But instead doing the training in a temporary location, the VCEP and Volcanes area leaders wanted an un-used and abandoned day-care building to be re-furbished into a permanent Sewing school. This would allow local women to continue using the facility after their training to start
their own Sewing Co-Op while also permitting the continued use of the facility to train women from other areas later on. This small building could become the
start of permanent jobs within Volcanes for these women by allowing them to bring their toddlers with them to spend their day in the incorporated day-care.
By mid 2014, major funding to renovate the old Day-Care into a Sewing School had been found with work almost completed. Only a small amount of money is still required for the sewing machines, desks, as well as the lighting and air conditioning equipment to complete the project. The grand opening is targeted for early February of 2015 with the first graduates finishing their courses later on that year.
The Sewing School next door is already renovated to include a small Day-Care area to be used by the local mothers learning and working at the school and later on in the factory. By rotating the care of each other's children among themselves, they can continue to attend school and later on earn money into the household. The potential employment of as many as 100 local mothers will greatly improve the lives of the families and children of Colonia Volcanes.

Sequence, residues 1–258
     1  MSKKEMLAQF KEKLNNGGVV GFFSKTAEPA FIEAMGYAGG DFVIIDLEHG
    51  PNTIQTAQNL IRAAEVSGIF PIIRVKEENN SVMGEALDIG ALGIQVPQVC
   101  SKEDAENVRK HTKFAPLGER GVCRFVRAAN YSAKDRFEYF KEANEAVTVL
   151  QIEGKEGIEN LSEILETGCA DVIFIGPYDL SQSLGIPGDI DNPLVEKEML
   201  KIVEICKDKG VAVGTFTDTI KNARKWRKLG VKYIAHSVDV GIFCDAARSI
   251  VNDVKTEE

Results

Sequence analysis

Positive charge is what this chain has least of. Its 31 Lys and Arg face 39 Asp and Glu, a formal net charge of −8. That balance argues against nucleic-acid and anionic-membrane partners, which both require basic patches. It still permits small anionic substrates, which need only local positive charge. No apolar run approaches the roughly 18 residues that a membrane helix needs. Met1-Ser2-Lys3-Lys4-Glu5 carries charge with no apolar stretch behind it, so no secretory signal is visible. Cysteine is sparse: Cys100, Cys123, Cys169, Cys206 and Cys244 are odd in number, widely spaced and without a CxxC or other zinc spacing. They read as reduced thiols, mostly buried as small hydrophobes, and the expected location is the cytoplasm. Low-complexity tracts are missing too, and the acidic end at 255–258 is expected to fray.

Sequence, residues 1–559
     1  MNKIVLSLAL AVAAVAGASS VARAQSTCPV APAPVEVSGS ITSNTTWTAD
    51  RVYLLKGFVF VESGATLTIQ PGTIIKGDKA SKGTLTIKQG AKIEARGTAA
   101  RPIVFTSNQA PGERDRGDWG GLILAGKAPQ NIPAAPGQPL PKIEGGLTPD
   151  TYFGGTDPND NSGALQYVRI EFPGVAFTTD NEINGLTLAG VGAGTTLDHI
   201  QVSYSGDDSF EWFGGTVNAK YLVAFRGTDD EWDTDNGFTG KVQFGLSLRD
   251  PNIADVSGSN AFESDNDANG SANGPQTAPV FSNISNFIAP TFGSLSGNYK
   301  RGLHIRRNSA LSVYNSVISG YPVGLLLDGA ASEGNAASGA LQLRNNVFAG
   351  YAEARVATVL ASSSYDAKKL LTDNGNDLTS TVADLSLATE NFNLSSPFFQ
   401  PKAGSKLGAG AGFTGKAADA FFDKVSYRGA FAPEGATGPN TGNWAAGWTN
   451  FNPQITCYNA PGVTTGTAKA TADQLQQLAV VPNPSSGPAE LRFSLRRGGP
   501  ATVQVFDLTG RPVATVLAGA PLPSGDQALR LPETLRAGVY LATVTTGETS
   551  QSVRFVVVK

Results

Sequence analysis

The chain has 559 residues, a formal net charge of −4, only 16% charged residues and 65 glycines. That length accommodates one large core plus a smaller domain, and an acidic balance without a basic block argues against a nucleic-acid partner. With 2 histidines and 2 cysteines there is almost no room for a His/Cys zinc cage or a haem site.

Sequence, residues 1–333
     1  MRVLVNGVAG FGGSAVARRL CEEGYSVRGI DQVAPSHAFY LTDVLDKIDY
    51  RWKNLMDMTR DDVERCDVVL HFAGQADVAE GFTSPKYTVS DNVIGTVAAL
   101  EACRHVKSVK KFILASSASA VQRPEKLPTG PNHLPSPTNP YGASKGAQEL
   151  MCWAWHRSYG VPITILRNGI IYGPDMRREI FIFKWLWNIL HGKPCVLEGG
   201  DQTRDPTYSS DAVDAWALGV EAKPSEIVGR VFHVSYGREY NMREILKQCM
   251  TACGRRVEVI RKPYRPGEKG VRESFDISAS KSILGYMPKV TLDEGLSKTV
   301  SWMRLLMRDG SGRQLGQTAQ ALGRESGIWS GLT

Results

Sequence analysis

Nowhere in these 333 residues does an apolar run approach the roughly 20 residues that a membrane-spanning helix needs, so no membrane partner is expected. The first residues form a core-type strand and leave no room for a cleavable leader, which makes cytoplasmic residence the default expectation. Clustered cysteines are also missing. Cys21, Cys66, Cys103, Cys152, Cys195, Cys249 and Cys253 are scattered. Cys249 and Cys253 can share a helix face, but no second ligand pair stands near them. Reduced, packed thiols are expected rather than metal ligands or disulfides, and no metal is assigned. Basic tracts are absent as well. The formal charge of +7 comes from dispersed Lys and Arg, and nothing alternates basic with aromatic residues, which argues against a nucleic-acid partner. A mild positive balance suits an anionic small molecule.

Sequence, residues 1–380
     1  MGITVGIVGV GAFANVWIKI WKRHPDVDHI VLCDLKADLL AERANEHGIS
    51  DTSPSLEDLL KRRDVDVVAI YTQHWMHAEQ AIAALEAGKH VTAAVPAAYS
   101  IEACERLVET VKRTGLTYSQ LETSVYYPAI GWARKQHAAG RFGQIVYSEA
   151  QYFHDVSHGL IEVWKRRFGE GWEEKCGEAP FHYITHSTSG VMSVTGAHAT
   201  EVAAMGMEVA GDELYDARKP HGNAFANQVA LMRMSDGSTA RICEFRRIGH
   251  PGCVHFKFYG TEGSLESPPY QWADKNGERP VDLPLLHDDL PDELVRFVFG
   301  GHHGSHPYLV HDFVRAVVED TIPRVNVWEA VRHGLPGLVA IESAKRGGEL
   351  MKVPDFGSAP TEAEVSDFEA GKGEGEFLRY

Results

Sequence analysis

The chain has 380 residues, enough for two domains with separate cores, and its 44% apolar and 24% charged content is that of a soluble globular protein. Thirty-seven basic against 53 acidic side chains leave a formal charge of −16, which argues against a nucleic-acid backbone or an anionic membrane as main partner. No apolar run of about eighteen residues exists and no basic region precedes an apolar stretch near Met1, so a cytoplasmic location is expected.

A Vision of Hope
The changes brought about by the support of the VCEP have touched almost every family in this small Colonia. Already the parents have started dreaming of their children’s future as they see things changing for the better in their lives. All they need is a hand up from poverty and the VCEP has strived since its inception to do so. What the VCEP need to continue is continued donations to help them in that work.
The Volcanes Community Education Project
VCEP also offers Summer Camp programs to introduce children to the careers and opportunities within the local community, with a view that if these children see the opportunities available to them, they will be encouraged to continue their education. The VCEP school building also houses a small community library with books available to all adults and children of Volcanes.
Our English classes are taught by volunteer teachers from Canada and the U.S. who commit to teach at least one semester and in most cases, to a full school year, in our program. We offer a professional curriculum and have recently introduced an internetbased, on-line teaching program in collaboration with Fort Hays State University in Kansas.
We have 20 new laptop computers in our newly air conditioned computer lab. Each student has access to their own computer during class. The computer lab is open on Saturday mornings for additional class time. Our computers and other equipment have been generously donated by the Isa Mundo Foundation of Vancouver, BC and the Rotary Club of Calgary Heritage Park of Calgary, Alberta.
VCEP Needs Your Help!to purchase supplies for the students and the teachers, as well as to pay the teachers a small stipend of 3,000 pesos per month (approximately $230 per month). The children in Volcanes need our programs in order to break the cycle of poverty and move into the main stream of Puerto Vallarta life.
For more information regarding the program contact:
Click here to see a Google Maps - Street View of the School.